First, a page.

After years of 10 years of living within easy distance of the Pacific Ocean, we moved inland to the Arizona high desert.  We bought a small plane and started taking trips down to the Bahia San Carlos on the opposite side of the Sea of Cortez. Although we found an affordable hotel with its own protected beach, I still dreamed about having our own tiny little house away from the tourist areas where the condos were bunched together and noisy.  I took a little peek at the real estate ads this morning. Apparently, the Mexican government designated  the Sea of Cortez and the “Mayan Riveria”  to become  “the axis on which the country’s tourist development would hinge… and will consolidate the Sea of Cortez as a world-class tourist destination” (Source: Mi Casa-Su Casa Realty Group). So much for my dream of a little retirement casita in Mexico.
The Mexico Dream
I haven’t totally given up on the idea of my dream adventure.  With my husband inching towards retirement, building our own little get-away home sounds even more appealing. And, I have found the perfect place already.  A small house, durable materials, low-maintenance yard, privacy wall. Now if we can just find exactly the right piece of property, nothing large mind you.
The Retirement Reality


In my more dramatic moments, I tell people that the reason I quit the job in the prison was because I felt like the evil was seeping into me.
I had that idea – that the “evil was seeping in” -- a few different times while I worked there – and it sort of became an excuse in my mind for some of the ways I found to cope with the stress. Anyone who has worked in that sort of environment – high stress and dangerous – whether it is a prison, or the military, or juvenile detention, or law enforcement – there comes a point where you think the only people who understand are the people you work with. And the only way to cope with too much stress, too much danger, is to act too much in other ways – too much drinking, too much exercise (never my problem) too much anger, too much sleep. 

I mentioned to one of my library officers about my fear, but she was offended by the idea. “If you feel this way after 3 years, what does that mean for me? I’ve been here 10.” And there were others who had been there for 20 or 30 years, had spent the majority of their lives in prison, on purpose, doing a job that no one appreciates and no one understands.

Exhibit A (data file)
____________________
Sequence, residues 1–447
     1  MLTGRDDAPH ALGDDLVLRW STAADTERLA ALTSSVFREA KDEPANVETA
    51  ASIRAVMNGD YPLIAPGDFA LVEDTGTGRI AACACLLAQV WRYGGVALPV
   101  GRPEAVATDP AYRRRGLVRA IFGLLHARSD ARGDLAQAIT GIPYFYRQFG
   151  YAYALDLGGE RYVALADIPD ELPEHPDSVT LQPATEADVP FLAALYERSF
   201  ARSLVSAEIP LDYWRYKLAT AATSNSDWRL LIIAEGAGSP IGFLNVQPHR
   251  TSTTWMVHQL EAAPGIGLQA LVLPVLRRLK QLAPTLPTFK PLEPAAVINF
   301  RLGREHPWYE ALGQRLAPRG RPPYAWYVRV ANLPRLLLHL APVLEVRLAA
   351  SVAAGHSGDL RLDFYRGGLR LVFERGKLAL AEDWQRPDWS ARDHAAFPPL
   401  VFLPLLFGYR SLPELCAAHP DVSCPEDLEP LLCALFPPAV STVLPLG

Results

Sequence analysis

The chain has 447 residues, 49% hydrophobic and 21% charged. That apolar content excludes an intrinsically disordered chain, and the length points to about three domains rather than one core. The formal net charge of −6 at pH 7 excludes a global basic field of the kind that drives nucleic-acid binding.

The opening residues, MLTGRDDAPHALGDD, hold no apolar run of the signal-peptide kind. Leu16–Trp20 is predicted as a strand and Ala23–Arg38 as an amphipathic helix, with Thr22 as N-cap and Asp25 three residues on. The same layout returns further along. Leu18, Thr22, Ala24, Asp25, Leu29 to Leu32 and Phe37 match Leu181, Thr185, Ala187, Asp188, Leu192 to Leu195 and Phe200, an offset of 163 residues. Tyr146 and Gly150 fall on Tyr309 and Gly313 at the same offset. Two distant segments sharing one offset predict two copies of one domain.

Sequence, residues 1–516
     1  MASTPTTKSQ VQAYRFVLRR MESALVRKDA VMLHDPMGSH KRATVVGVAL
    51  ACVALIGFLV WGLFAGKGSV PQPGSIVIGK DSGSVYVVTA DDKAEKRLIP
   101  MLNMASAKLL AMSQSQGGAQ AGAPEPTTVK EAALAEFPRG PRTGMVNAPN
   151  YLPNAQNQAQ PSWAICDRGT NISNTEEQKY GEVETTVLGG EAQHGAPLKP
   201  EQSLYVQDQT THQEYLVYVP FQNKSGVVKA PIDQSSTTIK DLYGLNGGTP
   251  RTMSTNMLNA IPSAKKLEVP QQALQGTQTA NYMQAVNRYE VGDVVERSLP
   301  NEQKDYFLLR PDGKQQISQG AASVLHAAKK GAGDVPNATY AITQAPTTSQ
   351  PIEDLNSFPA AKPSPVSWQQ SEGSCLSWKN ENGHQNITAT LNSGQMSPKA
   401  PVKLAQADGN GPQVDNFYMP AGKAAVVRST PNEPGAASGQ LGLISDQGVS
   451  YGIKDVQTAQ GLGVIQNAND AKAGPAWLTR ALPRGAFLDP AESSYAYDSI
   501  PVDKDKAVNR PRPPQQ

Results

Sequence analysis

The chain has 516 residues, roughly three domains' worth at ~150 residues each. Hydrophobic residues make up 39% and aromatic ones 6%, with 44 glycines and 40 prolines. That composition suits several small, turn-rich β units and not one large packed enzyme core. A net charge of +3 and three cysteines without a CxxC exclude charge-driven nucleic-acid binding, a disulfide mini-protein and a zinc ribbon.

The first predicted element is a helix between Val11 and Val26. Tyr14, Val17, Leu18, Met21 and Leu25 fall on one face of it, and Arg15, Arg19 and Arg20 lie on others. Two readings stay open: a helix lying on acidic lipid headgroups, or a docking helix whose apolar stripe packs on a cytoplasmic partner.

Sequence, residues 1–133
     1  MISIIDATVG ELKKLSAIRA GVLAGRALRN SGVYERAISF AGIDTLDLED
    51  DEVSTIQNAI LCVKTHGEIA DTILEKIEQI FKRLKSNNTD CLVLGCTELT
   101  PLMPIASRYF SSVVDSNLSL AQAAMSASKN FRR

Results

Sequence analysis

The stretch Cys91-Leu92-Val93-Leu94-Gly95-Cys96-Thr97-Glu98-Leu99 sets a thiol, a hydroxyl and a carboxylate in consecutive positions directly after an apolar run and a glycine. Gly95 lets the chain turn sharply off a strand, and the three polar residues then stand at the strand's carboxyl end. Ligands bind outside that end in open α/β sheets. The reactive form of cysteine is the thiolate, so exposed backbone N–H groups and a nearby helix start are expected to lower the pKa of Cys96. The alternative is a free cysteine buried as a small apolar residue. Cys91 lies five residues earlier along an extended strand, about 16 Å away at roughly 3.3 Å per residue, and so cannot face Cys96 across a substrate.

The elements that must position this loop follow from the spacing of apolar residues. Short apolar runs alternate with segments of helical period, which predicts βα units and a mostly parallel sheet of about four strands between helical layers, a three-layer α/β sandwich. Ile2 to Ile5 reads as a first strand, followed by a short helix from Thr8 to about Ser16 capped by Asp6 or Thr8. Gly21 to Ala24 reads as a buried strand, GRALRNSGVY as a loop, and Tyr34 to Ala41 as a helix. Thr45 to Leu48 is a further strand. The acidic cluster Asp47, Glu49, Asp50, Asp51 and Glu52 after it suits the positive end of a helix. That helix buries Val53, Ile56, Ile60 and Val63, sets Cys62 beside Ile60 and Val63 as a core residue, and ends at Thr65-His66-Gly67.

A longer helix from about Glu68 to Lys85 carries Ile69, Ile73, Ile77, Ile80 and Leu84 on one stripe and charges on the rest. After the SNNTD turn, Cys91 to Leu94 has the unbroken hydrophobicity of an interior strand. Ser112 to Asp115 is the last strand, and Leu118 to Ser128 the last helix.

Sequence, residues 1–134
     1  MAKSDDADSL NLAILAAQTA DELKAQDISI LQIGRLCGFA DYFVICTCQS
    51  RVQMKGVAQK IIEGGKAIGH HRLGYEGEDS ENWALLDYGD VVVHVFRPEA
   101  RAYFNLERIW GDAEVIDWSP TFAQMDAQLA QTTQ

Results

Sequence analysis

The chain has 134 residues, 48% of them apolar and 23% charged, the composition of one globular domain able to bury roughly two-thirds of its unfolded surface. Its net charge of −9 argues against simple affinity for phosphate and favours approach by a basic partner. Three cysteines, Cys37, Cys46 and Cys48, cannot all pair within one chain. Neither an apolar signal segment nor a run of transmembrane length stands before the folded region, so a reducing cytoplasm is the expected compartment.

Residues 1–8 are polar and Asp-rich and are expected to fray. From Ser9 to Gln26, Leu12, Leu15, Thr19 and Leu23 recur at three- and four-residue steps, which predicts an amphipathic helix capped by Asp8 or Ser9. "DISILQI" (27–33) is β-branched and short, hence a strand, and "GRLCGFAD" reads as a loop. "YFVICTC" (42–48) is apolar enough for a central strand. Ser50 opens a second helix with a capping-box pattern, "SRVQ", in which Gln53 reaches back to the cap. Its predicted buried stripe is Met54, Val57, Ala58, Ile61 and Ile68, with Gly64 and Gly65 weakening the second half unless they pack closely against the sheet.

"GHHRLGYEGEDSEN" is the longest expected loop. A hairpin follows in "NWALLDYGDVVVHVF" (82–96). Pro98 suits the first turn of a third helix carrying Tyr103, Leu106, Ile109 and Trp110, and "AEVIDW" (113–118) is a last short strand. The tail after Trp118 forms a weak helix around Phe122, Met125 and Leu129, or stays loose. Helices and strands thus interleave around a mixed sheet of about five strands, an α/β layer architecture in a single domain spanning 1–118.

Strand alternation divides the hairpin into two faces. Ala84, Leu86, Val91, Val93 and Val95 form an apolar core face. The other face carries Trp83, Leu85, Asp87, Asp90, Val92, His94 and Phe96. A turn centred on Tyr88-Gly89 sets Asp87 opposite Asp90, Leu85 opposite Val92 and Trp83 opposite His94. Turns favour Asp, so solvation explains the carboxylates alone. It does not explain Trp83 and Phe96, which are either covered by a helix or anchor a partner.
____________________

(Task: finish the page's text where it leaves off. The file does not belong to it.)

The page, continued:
But, unlike me,  they had lives outside of work, spouses and interests unrelated. In social situations, they were used to lying about their jobs  -- claiming to be an electrician, or the accurate but vague “civil servant.”   I could say, “I’m a librarian.” But I had the feeling that there was an unspoken just in there – I’m JUST a librarian. So, I always followed it with the qualifier, “at the prison” because it was novel, because it was interesting, and because I felt like I was owed some sort of recognition for working in such a miserable environment.

But what I didn’t mention was that it was my dream job. That because my supervisors didn’t have the same clearances that I did, they rarely came into the prison. That I was on my own, in charge by myself, isolated yes, but this was MY LIBRARY and to this day, the idea that I have been replaced grates on me. By the end, I was so ready to leave, so exhausted and used up and sick of it all. But even now, nearly 10 months later, I still have dreams about MY LIBRARY --  the way I did when I began working there.

A couple times in the past few weeks I have a thought – it’s the end of the financial year, I hope they remember to…  don’t forget the… what are the stats like? Has attendence increased or decreased? Is it inappropriate to ask that them to send me a copy of the end of year report? I’m unemployed now, but despite the "evil," I did some good there – made quantifiable, justifiable progress. I want to know if it held up. I want to know how it’s going. And sometimes, even though I wake up in Arizona, with Milo curled into my back, I still have a moment while still half asleep and I’m planning the day – planning what needs to be done in MY LIBRARY .

Friday, March 25, 2011

Topic 132: By-Products of Church Attendance


Church: Not Just Good for the Soul     
I’m not   going to write about the obvious reasons people attend church (saving one’s soul, receiving spiritual nourishment, obedience to church rules, fellowship, etc.). And I’m not even going to write about the not-so-obvious reasons because somebody has already written a book on that. It’s called 52 (Good) Reasons to go to Church) Besides the Obvious Ones, a 2004 publication of  ACTA.